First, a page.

The first of these two features leads to the conclusion that a member of a company will not ordinarily be entitled to complain of unfairness unless there has been some breach of the terms on which he agreed that the affairs of the company should be conducted. But the second leads to the conclusion that there will be cases in which equitable considerations make it unfair for those conducting the affairs of the company to rely upon their strict legal powers. Thus unfairness may consist in a breach of the rules or in using the rules in a manner which equity would regard as contrary to good faith.
This approach to the concept of unfairness in section 459 runs parallel to that which your Lordships' House, in In re Westbourne Galleries Ltd.  A.C. 360, adopted in giving content to the concept of "just and equitable" as a ground for winding up. After referring to cases on the equitable jurisdiction to require partners to exercise their powers in good faith, Lord Wilberforce said, at p. 379:
I would apply the same reasoning to the concept of unfairness in section 459. The Law Commission, in its report on Shareholder Remedies (Law Com. No. 246) (1997) (Cm. 3769), para. 4.11, p. 43 expresses some concern that defining the content of the unfairness concept in the way I have suggested might unduly limit its scope and that "conduct which would appear to be deserving of a remedy may be left unremedied. . ." In my view, a balance has to be struck between the breadth of the discretion given to the court and the principle of legal certainty. Petitions under section 459 are often lengthy and expensive. It is highly desirable that lawyers should be able to advise their clients whether or not a petition is likely to succeed. Lord Wilberforce, after the passage which I have quoted, said that it would be impossible "and wholly undesirable" to define the circumstances in which the application of equitable principles might make it unjust, or inequitable (or unfair) for a party to insist on legal rights or to exercise them in particular way. This of course is right. But that does not mean that there are no principles by which those circumstances may be identified. The way in which such equitable principles operate is tolerably well settled and in my view it would be wrong to abandon them in favour of some wholly indefinite notion of fairness.
I should make it clear that the parallel I have drawn between the notion of "just and equitable" as explained by Lord Wilberforce in In re Westbourne Galleries Ltd. and the notion of fairness in section 459 does not mean that conduct will not be unfair unless it would have justified an order to wind up the company. There was such a requirement in section 210 of the Companies Act 1948 but it was not repeated in section 459. As Mummery J. observed in In re A Company (No. 00314 of 1989), Ex parte Estate Acquisition and Development Ltd.  B.C.L.C. 154, 161, the grant of one remedy will not necessarily require proof of conduct which would have justified a different remedy:
The parallel is not in the conduct which the court will treat as justifying a particular remedy but in the principles upon which it decides that the conduct is unjust, inequitable or unfair.
An example of such equitable principles in action is Blisset v. Daniel (1853) 10 Hare 493 to which Lord Wilberforce referred in In re Westbourne Galleries Ltd. at p. 381. Page-Wood V.-C. held that upon the true construction of the articles, two-thirds of the partners could expel a partner by serving a notice upon him without holding any meeting or giving any reason. But he held that the power must be exercised in good faith. He said that "the literal construction of these articles cannot be enforced" and, after citing from the title "De Societate" in Justinian's Institutes, went on:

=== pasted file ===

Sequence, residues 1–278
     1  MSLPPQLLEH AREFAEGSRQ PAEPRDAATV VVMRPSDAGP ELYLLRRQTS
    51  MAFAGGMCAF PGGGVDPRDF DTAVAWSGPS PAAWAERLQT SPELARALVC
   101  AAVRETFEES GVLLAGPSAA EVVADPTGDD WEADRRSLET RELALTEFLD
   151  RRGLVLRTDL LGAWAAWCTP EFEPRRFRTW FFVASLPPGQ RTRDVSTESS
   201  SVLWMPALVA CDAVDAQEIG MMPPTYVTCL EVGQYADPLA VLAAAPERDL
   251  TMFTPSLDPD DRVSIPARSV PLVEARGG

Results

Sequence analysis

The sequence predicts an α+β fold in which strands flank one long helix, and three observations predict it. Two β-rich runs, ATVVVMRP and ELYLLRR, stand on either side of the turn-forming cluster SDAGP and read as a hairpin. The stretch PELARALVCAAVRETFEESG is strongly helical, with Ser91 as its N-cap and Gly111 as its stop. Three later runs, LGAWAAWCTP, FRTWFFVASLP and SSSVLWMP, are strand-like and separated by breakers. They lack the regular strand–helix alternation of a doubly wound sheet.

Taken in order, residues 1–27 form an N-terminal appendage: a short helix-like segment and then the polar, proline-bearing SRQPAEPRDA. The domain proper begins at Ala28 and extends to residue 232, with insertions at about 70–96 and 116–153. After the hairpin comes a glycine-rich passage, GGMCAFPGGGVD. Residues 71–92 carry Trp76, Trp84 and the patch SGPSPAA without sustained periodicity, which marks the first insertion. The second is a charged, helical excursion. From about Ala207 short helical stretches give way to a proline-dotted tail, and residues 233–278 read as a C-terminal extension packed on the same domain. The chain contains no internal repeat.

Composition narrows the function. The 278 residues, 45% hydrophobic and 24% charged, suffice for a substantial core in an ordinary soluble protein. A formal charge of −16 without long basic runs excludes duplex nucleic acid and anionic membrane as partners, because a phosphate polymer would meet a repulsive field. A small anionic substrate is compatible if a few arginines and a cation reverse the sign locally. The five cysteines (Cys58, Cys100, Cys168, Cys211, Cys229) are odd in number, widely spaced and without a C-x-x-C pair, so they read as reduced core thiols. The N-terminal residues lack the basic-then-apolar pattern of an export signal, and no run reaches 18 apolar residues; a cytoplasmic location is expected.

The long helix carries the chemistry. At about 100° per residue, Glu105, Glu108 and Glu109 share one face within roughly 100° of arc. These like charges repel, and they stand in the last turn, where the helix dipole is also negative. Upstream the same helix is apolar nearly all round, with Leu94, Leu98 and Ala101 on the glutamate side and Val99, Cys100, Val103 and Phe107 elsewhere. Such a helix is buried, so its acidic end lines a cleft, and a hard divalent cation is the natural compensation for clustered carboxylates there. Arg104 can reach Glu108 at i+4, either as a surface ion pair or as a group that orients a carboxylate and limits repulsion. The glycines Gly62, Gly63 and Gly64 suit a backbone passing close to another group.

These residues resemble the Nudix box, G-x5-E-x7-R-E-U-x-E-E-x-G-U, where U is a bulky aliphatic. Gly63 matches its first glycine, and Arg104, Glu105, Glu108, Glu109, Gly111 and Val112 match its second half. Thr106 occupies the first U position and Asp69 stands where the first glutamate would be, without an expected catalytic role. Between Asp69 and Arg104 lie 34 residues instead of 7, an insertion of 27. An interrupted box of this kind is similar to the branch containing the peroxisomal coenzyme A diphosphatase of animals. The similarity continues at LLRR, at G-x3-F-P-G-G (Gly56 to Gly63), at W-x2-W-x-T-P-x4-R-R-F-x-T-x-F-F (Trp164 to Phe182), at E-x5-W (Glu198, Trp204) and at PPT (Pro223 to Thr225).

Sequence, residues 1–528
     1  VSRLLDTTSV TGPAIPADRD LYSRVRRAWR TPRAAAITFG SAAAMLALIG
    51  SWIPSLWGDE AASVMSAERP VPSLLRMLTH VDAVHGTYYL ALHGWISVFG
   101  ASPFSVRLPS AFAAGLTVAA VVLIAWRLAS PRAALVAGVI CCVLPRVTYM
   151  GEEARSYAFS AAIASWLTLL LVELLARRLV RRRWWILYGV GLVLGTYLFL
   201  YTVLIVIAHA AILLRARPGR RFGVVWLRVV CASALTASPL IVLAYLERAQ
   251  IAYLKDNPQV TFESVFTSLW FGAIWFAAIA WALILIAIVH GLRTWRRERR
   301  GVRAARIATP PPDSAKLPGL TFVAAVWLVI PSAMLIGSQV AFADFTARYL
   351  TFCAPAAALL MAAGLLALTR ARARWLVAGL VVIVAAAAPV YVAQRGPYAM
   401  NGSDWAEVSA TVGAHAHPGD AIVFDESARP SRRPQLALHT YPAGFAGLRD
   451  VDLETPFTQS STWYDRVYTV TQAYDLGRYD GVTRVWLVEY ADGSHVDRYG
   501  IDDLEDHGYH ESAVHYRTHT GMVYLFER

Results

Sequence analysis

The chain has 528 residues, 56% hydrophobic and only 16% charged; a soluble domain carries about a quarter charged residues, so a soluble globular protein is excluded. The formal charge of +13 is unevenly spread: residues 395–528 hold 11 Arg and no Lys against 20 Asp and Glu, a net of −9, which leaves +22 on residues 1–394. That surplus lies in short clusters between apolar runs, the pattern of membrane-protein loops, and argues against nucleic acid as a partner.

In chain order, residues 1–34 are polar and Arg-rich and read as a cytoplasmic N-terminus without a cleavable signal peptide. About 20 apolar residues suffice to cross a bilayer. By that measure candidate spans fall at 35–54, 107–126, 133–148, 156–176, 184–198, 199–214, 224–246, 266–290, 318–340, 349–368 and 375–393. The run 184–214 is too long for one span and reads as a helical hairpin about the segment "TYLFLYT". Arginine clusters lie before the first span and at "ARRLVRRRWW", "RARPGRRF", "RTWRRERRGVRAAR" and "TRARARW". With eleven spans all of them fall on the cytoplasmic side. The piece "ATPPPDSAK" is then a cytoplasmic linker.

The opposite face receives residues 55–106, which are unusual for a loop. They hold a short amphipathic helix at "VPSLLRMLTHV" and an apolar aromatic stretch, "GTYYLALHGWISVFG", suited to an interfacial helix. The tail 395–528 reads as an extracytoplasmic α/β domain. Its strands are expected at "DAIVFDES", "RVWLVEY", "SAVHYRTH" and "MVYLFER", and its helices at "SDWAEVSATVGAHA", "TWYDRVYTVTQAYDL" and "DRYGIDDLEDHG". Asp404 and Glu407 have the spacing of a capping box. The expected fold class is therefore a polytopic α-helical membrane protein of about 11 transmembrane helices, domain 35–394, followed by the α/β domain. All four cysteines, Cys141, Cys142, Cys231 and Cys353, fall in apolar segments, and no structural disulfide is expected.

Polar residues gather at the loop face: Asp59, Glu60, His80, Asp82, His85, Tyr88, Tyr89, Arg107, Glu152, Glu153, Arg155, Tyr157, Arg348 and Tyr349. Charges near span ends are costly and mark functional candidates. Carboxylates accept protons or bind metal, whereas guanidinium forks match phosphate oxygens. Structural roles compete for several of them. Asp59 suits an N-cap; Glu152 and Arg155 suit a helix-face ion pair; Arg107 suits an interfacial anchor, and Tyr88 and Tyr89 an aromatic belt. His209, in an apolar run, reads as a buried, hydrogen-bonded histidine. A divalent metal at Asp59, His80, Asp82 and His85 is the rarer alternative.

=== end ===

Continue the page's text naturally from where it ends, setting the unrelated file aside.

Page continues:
I cite these references to "the literal construction of the articles" contrasted with good faith and "the plain meaning of the deed" and "what the parties can fairly have had in contemplation" to show that there is more than one theoretical basis upon which a decision like Blisset v. Daniel can be explained. 19th century English law, with its division between law and equity, traditionally took the view that while literal meanings might prevail in a court of law, equity could give effect to what it considered to have been the true intentions of the parties by preventing or restraining the exercise of legal rights. So Smith J. speaks of the exercise of the power being valid "in law" but its exercise not being just and equitable because contrary to the contemplation of the parties. This way of looking at the matter is a product of English legal history which has survived the amalgamation of the courts of law and equity. But another approach, in a different legal culture, might be simply to take a less literal view of "legal" construction and interpret the articles themselves in accordance with what Page-Wood V.-C. called "the plain general meaning of the deed." Or one might, as in Continental systems, achieve the same result by introducing a general requirement of good faith into contractual performance. These are all different ways of doing the same thing. I do not suggest there is any advantage in abandoning the traditional English theory, even though it is derived from arrangements for the administration of justice which were abandoned over a century ago. On the contrary, a new and unfamiliar approach could only cause uncertainty. So I agree with Jonathan Parker J. when he said in In re Astec (B.S.R.) Plc.  2 B.C.L.C. 556, 588: